The local-centric, seasonal lifestyle around food I witnessed in Tuscany (and a number of other European countries) struck a chord in me. I wanted to understand what made freshness the key ingredient to so many of the dishes and homemade meals I enjoyed, specifically in Italy. What I witnessed and learned is that authentic Italian cuisine involves simple ingredients, largely dictated by climate and natural landscape. The flavors emblematic of Italian food culture pay homage to regional accessibility and seasonal availability. You won’t find an Italian snacking on fresh tomato bruschetta in January, or cooking up zuppa di castagne e ceci (chestnut and chickpea soup) in July. When your main ingredients boast bold regional flavor, it’s about maximizing those ingredients and letting the food speak for itself. 

Location laws and unruly food additives

Location plays such a critical role in Italian food production that Italy has passed a number of laws to protect the authenticity of products made in particular regions. And, speaking of laws, according to the New World Report, the European Food Safety Authority (EFSA) doesn’t allow additives in food production unless they’ve been proven to be unharmful to human consumption. The FDA has taken a different, more reactive approach in the States, where food additives are allowed into food production until they’re proven to be directly harmful to consumption. This means that food in the U.S. is not only likely to contain GMOs, but also foods rich in growth hormones and chemical preservatives to ensure a long shelf-life for our out-of-season eating habits and cravings. Not so in the larger European narrative around food, where (generally speaking) seasonal rhythms and locality play critical roles in the enjoyment of food closer to its origin and peak freshness.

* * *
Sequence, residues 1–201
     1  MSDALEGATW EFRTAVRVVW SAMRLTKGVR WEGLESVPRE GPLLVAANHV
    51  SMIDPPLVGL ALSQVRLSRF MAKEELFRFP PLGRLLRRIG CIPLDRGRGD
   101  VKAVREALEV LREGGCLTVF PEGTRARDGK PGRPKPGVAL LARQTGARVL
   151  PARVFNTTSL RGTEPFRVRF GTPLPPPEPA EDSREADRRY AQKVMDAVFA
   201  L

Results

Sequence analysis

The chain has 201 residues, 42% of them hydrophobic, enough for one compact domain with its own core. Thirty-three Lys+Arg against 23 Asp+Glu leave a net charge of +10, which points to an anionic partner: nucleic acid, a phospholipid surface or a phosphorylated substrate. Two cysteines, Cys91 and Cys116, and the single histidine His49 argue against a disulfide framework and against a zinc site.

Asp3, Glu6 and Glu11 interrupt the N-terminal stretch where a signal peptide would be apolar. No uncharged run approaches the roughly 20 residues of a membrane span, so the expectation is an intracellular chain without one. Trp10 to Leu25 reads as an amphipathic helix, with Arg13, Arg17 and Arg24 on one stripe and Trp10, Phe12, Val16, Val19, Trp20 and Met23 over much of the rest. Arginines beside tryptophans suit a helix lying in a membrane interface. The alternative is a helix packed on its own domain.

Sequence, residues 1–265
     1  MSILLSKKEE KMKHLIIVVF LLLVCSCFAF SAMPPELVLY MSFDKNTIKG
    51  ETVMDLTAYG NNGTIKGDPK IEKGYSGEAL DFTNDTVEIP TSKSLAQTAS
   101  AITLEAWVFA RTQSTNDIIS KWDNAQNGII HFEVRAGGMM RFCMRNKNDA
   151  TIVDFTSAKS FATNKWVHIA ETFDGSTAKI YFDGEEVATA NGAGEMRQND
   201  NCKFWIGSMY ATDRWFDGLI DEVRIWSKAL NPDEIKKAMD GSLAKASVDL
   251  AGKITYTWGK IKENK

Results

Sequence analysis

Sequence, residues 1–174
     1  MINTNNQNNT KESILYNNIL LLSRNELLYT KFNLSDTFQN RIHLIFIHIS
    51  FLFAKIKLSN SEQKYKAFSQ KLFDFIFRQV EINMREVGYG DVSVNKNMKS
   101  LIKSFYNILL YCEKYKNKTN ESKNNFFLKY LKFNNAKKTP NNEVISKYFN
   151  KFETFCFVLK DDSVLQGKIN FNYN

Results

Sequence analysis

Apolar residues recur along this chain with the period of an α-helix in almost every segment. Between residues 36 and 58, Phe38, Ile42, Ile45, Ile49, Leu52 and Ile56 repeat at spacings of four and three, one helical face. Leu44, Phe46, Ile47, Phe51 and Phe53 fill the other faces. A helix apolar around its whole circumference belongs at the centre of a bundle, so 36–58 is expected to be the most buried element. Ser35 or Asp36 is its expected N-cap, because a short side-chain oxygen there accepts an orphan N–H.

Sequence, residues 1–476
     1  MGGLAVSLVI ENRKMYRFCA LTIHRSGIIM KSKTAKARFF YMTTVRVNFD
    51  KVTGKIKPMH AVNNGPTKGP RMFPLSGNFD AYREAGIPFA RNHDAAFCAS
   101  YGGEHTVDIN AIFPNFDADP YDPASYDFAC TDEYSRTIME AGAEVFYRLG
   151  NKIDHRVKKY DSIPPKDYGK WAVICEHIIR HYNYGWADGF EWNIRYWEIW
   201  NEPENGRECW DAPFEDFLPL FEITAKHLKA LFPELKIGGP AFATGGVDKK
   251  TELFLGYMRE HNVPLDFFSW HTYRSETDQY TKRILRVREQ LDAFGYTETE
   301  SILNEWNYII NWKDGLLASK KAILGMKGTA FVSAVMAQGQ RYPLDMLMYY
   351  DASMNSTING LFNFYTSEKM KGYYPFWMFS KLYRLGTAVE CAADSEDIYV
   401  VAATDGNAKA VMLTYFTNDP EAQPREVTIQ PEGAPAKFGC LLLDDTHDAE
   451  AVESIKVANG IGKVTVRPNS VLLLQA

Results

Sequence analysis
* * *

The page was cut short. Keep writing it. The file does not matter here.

Take it from the Italians – Eat local and seasonal foods

On one hand, prioritizing local and seasonal food products allows you to bypass highly processed foods that tend to be low in nutritional density. When food products are engineered to withstand time and travel, you can bet that nutritional saliency takes a hit. According to the Center for Food Safety, about 70-80% of processed foods in the U.S. contain GMOs. So, eating seasonally and buying locally-produced food as much as possible helps you shop with confidence, knowing that your food was made as nature intended, not bioengineered in a lab. You’re also reducing environmental impacts by choosing organic, non-GMO and local products. Less food transportation = lower carbon footprint. And, you’re keeping money in your local community by supporting producers and growers in your area. Finally, farm-fresh, locally grown food picked at peak ripeness is JAM-packed with flavor. 

A white dinner plate on an outdoor table. The meal is couscous, stewed meat, potatoes and carrots, garnished with parsley and flowers.